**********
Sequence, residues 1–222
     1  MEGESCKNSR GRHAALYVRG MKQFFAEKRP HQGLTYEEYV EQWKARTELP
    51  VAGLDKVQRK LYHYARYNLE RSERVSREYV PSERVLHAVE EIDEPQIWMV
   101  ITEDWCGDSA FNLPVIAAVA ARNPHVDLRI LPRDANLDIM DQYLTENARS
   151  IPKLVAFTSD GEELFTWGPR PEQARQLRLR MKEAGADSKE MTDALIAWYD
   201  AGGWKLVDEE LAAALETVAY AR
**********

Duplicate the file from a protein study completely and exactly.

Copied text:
Sequence, residues 1–222
     1  MEGESCKNSR GRHAALYVRG MKQFFAEKRP HQGLTYEEYV EQWKARTELP
    51  VAGLDKVQRK LYHYARYNLE RSERVSREYV PSERVLHAVE EIDEPQIWMV
   101  ITEDWCGDSA FNLPVIAAVA ARNPHVDLRI LPRDANLDIM DQYLTENARS
   151  IPKLVAFTSD GEELFTWGPR PEQARQLRLR MKEAGADSKE MTDALIAWYD
   201  AGGWKLVDEE LAAALETVAY AR